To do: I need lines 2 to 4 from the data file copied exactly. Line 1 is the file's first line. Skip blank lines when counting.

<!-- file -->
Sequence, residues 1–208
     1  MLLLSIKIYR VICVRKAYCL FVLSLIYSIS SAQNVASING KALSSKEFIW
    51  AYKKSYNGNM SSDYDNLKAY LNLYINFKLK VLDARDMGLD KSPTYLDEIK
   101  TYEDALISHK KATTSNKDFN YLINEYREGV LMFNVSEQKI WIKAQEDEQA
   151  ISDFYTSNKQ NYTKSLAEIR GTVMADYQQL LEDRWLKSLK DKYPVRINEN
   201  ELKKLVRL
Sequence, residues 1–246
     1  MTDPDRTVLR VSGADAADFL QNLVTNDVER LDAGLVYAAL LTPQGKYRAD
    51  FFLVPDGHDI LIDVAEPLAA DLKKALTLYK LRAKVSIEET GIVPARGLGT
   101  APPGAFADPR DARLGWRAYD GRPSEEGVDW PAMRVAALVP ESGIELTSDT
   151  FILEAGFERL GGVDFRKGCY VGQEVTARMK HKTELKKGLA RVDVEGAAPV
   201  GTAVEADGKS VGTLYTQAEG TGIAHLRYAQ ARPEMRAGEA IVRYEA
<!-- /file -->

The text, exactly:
     1  MLLLSIKIYR VICVRKAYCL FVLSLIYSIS SAQNVASING KALSSKEFIW
    51  AYKKSYNGNM SSDYDNLKAY LNLYINFKLK VLDARDMGLD KSPTYLDEIK
   101  TYEDALISHK KATTSNKDFN YLINEYREGV LMFNVSEQKI WIKAQEDEQA